Try keeping the beat to Steve Reich's "Clapping Music" composition. We dare you.
Steve Reich's Clapping Music, a new app developed by the London-based educational company Touchpress, is providing rhythmic education for its tempo-impaired participants (and, well, an addictive time-killer for experts, too).
The game is designed to replicate the performance of Steve Reich's minimalist composition, "Clapping Music" (1972), where two performers maintain the same 8-note rhythm spanning over a 12-quaver bar. After eight of these bars, one performer maintains the original rhythm while another shifts the initial rhythm over one eighth note for the next eight bars. The same partner will shift again, with this cycle usually repeating until the two are in sync once again.
With previous music-based projects such as the Beethoven's 9th Symphony app already under their belt, Touchpress relied on more "passive appreciation" this time around, akin to bringing your own score to an orchestra performance, and then combined that with in-depth background research. Steve Reich’s Clapping Music, however, is designed to be approachable by the non-musical layman.
"The main motivation behind Steve Reich’s Clapping Music was we wanted to do something more simple and also encourage more active engagement with the music," the app's producer, Alan Martyn, explains to The Creators Project. "What's good about it is it's an aspirational piece, one of those pieces of music where the more you understand it, the better you can appreciate it."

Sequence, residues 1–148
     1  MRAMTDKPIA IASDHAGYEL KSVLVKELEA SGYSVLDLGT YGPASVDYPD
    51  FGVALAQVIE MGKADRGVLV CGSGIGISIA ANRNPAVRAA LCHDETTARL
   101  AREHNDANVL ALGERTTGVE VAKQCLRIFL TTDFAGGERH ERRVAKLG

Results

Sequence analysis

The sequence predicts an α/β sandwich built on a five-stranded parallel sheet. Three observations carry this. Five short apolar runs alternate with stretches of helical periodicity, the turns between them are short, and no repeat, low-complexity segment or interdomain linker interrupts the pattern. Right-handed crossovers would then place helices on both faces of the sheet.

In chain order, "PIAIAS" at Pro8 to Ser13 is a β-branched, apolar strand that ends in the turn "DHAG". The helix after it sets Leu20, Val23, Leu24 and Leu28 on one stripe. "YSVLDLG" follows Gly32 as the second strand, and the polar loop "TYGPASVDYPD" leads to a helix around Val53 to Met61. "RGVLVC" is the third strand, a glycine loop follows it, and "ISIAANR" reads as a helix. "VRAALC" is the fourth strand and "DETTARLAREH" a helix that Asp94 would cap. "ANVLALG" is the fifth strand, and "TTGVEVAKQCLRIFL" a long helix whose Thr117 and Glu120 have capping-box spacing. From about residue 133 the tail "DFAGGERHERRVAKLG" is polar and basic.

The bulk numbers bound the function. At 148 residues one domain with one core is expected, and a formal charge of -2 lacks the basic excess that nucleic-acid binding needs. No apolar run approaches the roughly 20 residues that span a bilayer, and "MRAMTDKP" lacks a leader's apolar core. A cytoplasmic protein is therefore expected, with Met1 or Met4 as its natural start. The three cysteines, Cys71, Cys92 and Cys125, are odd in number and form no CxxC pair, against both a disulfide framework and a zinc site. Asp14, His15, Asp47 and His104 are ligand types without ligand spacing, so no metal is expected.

The Creators Project had one of its more rhythmically challenged members give it a go, and overall, it wasn't a slaughter. Admittedly, it was difficult to grasp the beat, but over time (and several near-phone-chucking moments later), the representative could actually maintain the rhythm, even in "Hard" mode.
Like the piece, the interface of the game itself is simple in theory: The player taps a button to the appropriate beat (with easy and medium modes dots, light up) while the computer maintains the original rhythm. Better accuracy gives more points, but tripping up too much, or bad musical accuracy, turns the screen red and the dots begin to helplessly drift away.
Hard mode, however, is the real challenge, as it is akin to the live performance (a contest is going on in collaboration right now with the London Sinfonietta for the top scorer to perform the piece in front of an audience).
"Things like that dot that shows you where you are fade away, so you can't just play it with your eyes like Guitar Hero," Martyn says. "You only hear what the other person [the computer] is playing."
So far though, it sounds like our own breakthrough wasn't an anomaly.
In addition to providing players masochistic entertainment with the app, Touchpress is also collaborating with Queen Mary University of London for a study to determine whether participants can actually improve their rhythmic skills by using it. Already, they've amassed over 5 GB of saved data, and the results look positive.
"We don't have the full empirical results," says Martyn. "But with our user test groups, I'm sure most of those people couldn't play the piece when they started, and some weren't even musically inclined. Most of them now can at least play to pattern 5, if not all the way through."
So with Steve Reich’s Clapping Music, you can ensure you won't look like this next time you hit the dance floor.
Steve Reich’s Clapping Music is currently available to download for free here.